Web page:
Country diary 1918: cold winds fail to check spring flowers | Environment

The golden kingcups light up the stagnant ditch which through the winter has been filmed with a yellowish scum. Their roots are deep in the ancient leaf-mould and decomposing twigs and branches, a rich, black ooze; this forcing-bed has sent up a thick cushion of leaves stretching from bank to bank, and now that the handsome flowers are out the ditch is transformed. On the steep bank below the now green
hedge the silver stitchwort is out; beside it is a bed of the trefoil leaves of the wood-sorrel, so acceptable in a salad, pleasantly acid; and amongst them the delicate lilac-veined flowers.

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The moschatel, or town hall clock. Photograph: Colin Varndell/Alamy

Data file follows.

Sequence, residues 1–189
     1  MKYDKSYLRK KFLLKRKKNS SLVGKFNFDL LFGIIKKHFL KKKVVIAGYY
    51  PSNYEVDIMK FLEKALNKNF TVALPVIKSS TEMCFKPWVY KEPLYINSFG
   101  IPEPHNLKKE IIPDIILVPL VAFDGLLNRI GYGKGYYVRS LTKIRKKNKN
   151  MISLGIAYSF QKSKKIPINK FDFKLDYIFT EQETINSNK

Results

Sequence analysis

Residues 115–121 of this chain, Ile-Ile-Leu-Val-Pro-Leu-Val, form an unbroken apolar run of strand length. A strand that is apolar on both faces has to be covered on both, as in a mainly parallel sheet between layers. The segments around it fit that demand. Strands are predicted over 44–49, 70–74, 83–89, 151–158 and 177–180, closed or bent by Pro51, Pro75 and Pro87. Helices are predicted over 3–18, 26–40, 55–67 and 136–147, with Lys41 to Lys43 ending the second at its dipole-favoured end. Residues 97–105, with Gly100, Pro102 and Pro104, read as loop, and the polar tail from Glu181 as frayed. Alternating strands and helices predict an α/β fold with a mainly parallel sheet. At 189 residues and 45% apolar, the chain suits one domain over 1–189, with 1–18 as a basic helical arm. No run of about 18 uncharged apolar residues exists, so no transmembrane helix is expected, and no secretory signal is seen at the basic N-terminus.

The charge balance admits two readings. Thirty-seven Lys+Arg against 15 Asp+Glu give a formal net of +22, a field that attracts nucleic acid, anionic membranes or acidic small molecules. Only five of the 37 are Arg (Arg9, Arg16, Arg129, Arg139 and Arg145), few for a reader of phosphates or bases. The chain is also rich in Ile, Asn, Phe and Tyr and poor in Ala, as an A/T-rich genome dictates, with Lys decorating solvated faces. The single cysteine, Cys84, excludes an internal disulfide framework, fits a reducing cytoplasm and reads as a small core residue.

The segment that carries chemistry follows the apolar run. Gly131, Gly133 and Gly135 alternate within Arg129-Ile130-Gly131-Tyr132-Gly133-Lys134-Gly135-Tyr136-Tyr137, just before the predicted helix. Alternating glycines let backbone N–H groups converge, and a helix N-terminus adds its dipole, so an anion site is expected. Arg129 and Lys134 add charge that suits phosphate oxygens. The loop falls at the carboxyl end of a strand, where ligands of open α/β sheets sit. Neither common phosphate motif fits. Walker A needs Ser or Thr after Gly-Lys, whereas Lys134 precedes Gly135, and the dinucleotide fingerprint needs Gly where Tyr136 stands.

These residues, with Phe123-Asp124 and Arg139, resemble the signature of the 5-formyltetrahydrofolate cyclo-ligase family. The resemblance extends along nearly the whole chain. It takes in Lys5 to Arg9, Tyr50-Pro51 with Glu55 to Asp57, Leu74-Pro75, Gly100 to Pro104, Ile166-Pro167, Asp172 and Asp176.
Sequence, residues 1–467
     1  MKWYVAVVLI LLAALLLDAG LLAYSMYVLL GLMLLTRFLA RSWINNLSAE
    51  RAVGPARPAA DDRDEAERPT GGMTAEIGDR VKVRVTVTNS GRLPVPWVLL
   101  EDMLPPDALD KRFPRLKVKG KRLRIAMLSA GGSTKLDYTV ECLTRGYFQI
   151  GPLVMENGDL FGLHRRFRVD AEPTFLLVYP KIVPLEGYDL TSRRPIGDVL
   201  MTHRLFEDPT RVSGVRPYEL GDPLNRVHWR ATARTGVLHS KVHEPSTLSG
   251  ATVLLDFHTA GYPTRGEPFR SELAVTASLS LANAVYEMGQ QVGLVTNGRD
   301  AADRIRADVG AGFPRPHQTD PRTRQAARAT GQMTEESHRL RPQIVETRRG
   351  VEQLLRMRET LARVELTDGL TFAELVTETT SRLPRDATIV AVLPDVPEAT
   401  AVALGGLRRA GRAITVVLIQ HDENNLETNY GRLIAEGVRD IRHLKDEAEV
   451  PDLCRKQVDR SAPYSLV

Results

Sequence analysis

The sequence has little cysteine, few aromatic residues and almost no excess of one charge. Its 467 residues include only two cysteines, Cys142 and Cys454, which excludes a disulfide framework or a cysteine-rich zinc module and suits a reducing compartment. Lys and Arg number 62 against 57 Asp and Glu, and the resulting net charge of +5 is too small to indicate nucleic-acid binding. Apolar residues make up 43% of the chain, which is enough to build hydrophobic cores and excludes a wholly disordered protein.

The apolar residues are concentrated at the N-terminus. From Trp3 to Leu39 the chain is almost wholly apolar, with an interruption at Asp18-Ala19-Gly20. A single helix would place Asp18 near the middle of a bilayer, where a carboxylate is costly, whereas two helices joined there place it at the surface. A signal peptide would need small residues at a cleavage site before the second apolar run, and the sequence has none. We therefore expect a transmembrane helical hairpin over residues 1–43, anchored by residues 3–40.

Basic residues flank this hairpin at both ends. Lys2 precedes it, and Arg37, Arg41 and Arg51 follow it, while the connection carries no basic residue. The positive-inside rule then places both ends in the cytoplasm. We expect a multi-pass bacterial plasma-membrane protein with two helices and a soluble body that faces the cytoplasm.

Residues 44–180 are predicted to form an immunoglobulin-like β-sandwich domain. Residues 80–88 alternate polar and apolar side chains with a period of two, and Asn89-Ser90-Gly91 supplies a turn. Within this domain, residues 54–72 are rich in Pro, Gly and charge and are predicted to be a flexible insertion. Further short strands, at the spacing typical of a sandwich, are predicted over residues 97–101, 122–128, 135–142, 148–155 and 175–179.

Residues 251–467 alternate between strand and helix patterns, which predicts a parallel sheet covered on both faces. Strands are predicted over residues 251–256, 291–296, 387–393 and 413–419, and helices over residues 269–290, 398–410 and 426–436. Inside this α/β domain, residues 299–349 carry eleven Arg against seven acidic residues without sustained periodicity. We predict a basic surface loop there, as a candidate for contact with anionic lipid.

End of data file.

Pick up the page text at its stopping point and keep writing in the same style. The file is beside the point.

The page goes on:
Close at hand rise a group of single upright stalks, each topped by a small green knob, the inconspicuous flowers of the moschatel or adoxa. This knob is a head of five flowers; four look towards the main points of the compass, one upwards towards the sun. “Town-hall clock” is the name it goes by in the country here, but it is a clock-tower modernised, with one face for the benefit of passing aircraft. Shall we get to this in time? Sweet violets shyly peep amidst the thickening grasses, and the darker dog violet, always a little later than its scented relative, is fast opening its buds. The cold winds of the last few days have failed to check the spring flowers.

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Manchester Guardian, 2 April 1918.